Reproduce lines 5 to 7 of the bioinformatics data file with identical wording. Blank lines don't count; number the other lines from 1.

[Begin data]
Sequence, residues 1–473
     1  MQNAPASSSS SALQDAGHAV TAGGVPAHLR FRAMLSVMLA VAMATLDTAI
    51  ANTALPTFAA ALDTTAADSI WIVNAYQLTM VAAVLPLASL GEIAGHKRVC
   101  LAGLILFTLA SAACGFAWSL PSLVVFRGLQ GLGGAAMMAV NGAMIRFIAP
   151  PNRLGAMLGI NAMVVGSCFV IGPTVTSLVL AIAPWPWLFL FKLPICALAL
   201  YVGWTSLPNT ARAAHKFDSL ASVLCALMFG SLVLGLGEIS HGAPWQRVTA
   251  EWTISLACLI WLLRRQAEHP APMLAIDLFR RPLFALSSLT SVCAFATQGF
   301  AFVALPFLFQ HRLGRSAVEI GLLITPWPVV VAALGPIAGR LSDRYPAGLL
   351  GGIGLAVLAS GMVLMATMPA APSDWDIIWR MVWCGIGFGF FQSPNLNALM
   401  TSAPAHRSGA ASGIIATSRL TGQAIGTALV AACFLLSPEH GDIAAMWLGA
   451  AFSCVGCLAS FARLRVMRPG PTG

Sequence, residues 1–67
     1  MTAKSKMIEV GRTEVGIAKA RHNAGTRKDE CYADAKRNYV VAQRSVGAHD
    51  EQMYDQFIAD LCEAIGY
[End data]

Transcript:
   151  PNRLGAMLGI NAMVVGSCFV IGPTVTSLVL AIAPWPWLFL FKLPICALAL
   201  YVGWTSLPNT ARAAHKFDSL ASVLCALMFG SLVLGLGEIS HGAPWQRVTA
   251  EWTISLACLI WLLRRQAEHP APMLAIDLFR RPLFALSSLT SVCAFATQGF